TREASURIES-Bonds gain on concern over US, Europe growth

Mon Apr 30, 2012 4:08pm EDT

Related Topics

* Treasuries set highest gain among US bonds in April
    * Euro zone worries grow as Spanish economy shrinks
    * U.S. Midwest business data weaker than expected
    * Month-end index buying seen adding bids for bonds


    By Ellen Freilich	
    NEW YORK, April 30 (Reuters) - U.S. Treasury debt prices
rose on Monday as anxiety over economic weakness in Europe and
slower growth in the United States led investors to favor
lower-risk investments over stocks and other risky assets.	
    The pattern of weaker-than-expected U.S. economic data and
consequent lower yields on the last day of the month was the
narrative in a nutshell for the U.S. Treasury market all month.	
    That story of slower U.S. growth and worries about Europe
allowed the U.S. benchmark 10-year yield to fall from 2.31
percent in the earliest trading sessions of the month to 1.93
percent late on Monday, a fall of nearly 40 basis points and its
biggest monthly drop since last September.	
    "For Treasuries, this month was a fast-forward version of
what we saw in the second half of last year which was that a
relatively sunny first half of 2011 suddenly went dark and the
Federal Reserve quickly shifted into quantitative easing mode,"
said Robert Tipp, chief investment strategist for Prudential
Fixed Income that has more than $330 billion in assets under
management. "And 2011 was the second year in a row that a
seemingly bright start to the year came unraveled by the fall."	
    Twice burned, the financial markets took to heart the
weaker-than-expected March U.S. non-farm payrolls report
released in early April.	
    "That, along with ongoing trouble in Europe, seemed to be
all the market needed to assume we would get a replay of the
2010 and 2011 third-quarter script which was lower interest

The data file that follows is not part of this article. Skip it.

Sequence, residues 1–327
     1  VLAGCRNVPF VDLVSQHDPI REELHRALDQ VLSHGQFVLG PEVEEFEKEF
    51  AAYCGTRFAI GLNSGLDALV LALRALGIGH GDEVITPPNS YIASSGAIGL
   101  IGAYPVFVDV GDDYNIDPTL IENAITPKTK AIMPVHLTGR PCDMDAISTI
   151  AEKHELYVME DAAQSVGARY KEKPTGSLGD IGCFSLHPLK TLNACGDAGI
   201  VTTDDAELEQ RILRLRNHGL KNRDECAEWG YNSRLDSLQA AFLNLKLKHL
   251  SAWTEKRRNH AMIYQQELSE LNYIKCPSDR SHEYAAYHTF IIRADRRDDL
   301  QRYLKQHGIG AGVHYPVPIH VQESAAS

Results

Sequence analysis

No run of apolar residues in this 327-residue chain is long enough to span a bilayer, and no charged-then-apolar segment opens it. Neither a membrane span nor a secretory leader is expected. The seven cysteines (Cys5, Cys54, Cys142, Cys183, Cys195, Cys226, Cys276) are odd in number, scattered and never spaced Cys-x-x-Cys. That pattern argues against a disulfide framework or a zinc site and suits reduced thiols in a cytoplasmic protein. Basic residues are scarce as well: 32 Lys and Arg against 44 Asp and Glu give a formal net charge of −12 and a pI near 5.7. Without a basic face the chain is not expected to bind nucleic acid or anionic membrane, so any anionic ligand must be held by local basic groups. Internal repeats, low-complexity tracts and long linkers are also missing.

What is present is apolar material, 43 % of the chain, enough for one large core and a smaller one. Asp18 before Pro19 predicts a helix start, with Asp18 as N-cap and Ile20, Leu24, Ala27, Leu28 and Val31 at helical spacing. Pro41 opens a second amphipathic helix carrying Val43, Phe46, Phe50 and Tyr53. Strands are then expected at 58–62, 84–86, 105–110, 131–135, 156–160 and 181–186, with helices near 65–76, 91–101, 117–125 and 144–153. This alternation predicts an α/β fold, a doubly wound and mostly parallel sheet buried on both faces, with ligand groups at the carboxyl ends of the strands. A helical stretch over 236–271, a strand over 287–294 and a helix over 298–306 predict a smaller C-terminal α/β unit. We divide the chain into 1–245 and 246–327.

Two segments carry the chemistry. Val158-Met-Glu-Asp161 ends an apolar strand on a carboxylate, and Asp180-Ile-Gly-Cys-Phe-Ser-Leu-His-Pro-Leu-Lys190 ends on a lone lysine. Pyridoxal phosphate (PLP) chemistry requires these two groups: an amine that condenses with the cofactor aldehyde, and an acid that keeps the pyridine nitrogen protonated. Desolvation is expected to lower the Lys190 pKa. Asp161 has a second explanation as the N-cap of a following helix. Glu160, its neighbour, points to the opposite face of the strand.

rates and a flight to quality," Tipp said.	
    On Monday, a weaker-than-expected private-sector report on
business activities in the Chicago region in April fed concern
that the world's largest economy was experiencing a spring
growth deceleration for a third straight year, one that could
prompt more large-scale bond purchases by the Federal Reserve.	
    The Institute for Supply Management-Chicago said its index
of Midwest business activity fell to 56.2 in April, the lowest
since November 2009. 	
    "Growth is beginning to fade around the world," said Justin
Hoogendoorn, fixed income strategist at BMO Capital Markets in
Chicago.	
    Overseas worries were reflected in the bond market as well.
Concern about Europe slipping into a recession intensified after
Spain's economy contracted in the first three months of the
year. Spain's fiscal woes deepened after Standard & Poor's cut
the credit ratings of 11 Spanish banks on Monday following its
downgrade of Spain last week. 	
     "While you're on this kind of steep incline, you're
unlikely to see Treasury rates break higher," said Tipp.
"There's just too much downside risk on the global investment
stage." 	
    On below-average trading volume, benchmark 10-year notes
 traded up 5/32 in price to yield 1.93 percent.
Thirty-year bonds rose 6/32 in price, their yields
easing to 3.12 percent from 3.13 percent at Friday's close and,
sharply, from 3.44 percent in early April.	
    Bets grew that there would be more central bank help to
avert a recession across Europe. Treasuries slightly lagged
German Bunds with their 10-year yield premium over 10-year Bunds
 widening about 1 basis point near 25 basis points.	
 	
    Purchases from fund managers to rebalance their portfolios
at month-end should keep benchmark yields at their lowest levels
since early February, analysts said.	
    "Everyone knows the negatives. No one sees the answers yet,"
said Carl Kaufman, portfolio manager at Osterweis Capital
Management in San Francisco, which oversees about $5 billion.	
    Treasuries staged a comeback in April - pushing prices
higher and yields lower - on revived worries about the festering
euro zone debt crisis and signs of slowing U.S. economic growth.	
    Through Friday, Barclays' Treasuries total return index has
risen 1.38 percent in April, making it the best U.S. bond
category in April. It also wiped out its first-quarter loss,
bringing its year-to-date result into positive territory.	
    Another supportive factor for longer-dated Treasuries is the
ongoing purchases from the Federal Reserve for "Operation
Twist," which is its $400 billion program aimed to hold down
mortgage rates and other long-term borrowing costs.	
    The Fed said on Monday it will buy about $45 billion worth
of Treasuries and sell about $43 billion of Treasuries in May.	
    While the recent spate of disappointing data on the U.S. and
Europe has supported demand for Treasuries, analysts said the
figures are not dire enough to push yields into a new, lower
trading range because longer-term inflation expectations have
remained in line with the Fed's implicit target of 2 percent.
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